4. The final objection, the idea that focusing on chloroquine would waste other resources, is patently false. Bill Gates has gone so far as to build seven virus labs to test his own cures. Other laboratories are testing their vaccines. Gilead's remdesivir is but one--over 70 coronavirus vaccines are currently in development worldwide.

    When drug companies sniff a potential profit, they make drugs. It's called capitalism, and it has lifted more people out of poverty and chronic suffering than any other idea in the history of mankind.

    Objections Demolished, Onto the Hype

    Look at the two screenshots below. The first is a Google.com search on French virologist Didier Raoult's 3rd successful test on over a thousand coronavirus-positive patients. The second is a Bing.com search, same exact input. Notice anything?

    Chloroquine is such a political football due to Trump Derangement Syndrome that the left would eliminate our best treatment to date--hide it from consumers--to thwart President Trump. Think about that: the left is murderous in their desire to beat a duly elected, economically successful (until the virus escaped a Chinese lab) president.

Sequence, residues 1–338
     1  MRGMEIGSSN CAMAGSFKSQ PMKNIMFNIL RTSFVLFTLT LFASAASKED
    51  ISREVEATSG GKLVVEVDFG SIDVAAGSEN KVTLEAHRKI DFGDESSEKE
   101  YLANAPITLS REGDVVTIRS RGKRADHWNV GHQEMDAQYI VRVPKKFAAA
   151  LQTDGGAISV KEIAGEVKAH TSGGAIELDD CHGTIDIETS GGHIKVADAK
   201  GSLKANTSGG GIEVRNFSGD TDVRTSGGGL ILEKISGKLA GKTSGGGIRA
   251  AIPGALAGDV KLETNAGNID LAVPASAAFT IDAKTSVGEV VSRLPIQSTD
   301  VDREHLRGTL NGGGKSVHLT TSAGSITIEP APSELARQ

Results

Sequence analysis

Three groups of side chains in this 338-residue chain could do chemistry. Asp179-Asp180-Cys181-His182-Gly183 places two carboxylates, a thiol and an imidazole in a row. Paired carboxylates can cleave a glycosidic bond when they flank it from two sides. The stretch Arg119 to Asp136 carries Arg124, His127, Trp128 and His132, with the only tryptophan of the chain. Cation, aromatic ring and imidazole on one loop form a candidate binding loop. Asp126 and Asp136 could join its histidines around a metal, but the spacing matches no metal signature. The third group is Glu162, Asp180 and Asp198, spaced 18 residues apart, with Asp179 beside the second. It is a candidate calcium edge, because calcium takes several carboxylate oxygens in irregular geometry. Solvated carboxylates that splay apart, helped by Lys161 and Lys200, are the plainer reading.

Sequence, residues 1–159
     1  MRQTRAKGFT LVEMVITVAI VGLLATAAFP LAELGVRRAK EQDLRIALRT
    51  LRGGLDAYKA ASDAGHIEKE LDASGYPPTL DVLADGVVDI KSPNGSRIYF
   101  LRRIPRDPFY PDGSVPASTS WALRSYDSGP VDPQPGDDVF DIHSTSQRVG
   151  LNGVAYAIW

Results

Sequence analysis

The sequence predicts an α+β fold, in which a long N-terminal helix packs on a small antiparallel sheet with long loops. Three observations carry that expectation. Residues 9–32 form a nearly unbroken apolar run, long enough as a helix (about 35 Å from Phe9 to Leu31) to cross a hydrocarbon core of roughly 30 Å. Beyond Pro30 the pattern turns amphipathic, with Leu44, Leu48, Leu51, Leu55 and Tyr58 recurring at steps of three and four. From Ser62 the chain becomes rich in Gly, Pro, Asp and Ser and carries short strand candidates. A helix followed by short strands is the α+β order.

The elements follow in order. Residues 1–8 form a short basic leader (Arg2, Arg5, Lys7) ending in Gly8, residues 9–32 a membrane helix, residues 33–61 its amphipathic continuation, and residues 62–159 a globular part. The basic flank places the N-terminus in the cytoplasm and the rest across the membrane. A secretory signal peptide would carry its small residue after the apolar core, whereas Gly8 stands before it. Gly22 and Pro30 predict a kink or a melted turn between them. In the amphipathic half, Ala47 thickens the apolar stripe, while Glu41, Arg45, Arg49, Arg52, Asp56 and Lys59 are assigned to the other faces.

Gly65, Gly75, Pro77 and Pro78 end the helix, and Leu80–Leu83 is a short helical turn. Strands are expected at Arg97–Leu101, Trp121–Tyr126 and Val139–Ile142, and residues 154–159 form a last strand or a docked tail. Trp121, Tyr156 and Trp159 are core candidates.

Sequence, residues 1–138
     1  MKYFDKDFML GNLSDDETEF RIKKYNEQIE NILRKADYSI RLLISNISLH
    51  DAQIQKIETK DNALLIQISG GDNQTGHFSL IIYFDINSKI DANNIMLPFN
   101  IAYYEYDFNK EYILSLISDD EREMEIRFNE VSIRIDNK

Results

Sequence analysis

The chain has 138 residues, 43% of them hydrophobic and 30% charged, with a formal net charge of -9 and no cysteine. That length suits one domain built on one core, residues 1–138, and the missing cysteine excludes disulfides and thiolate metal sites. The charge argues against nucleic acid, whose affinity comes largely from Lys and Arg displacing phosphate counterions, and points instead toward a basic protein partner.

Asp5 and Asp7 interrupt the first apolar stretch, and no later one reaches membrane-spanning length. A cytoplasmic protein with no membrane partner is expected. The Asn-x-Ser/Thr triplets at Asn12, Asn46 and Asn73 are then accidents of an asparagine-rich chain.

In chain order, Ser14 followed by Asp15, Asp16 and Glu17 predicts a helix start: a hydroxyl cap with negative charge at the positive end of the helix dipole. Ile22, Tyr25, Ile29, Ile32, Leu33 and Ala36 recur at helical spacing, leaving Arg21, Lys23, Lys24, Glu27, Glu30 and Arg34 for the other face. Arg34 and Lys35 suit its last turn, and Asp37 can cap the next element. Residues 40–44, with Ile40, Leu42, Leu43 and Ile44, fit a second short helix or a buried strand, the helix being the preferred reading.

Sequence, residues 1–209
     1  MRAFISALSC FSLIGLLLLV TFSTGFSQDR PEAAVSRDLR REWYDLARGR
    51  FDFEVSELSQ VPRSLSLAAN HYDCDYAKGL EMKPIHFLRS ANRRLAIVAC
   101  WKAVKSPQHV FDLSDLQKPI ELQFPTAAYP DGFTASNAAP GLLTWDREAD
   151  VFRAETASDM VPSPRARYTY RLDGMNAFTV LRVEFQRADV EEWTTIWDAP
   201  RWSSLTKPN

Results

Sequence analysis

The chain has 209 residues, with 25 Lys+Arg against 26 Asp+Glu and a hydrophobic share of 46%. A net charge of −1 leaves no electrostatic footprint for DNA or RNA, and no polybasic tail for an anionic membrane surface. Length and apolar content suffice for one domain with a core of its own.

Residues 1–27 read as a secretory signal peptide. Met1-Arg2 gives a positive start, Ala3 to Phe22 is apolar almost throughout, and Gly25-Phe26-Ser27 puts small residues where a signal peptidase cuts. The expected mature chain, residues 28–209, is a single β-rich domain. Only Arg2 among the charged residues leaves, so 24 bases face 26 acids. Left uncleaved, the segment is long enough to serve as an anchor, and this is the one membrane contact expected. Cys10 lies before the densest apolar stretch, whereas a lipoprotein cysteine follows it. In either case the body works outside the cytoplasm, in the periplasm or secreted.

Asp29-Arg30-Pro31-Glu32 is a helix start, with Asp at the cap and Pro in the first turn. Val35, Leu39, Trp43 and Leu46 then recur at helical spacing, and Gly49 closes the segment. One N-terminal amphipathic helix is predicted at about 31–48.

Even a drug can be partisan. When asked if they would take chloroquine, 53% of Republicans said yes, but only 18% of Democrats. That's the power of media-inspired hatred.

    Back to the Washington Post, whose standard bears the motto, "Democracy Dies In Darkness". True, so why do Samuels and Kelly throw such ridiculous shade as to cite the case of the fish tank cleaner death? The story, if you'll recall, was from Arizona, where a 61 year-old woman and her 68 year-old husband drank fish tank cleaner containing chloroquine phosphate. She then took to the press, claiming that Trump "said it was safe."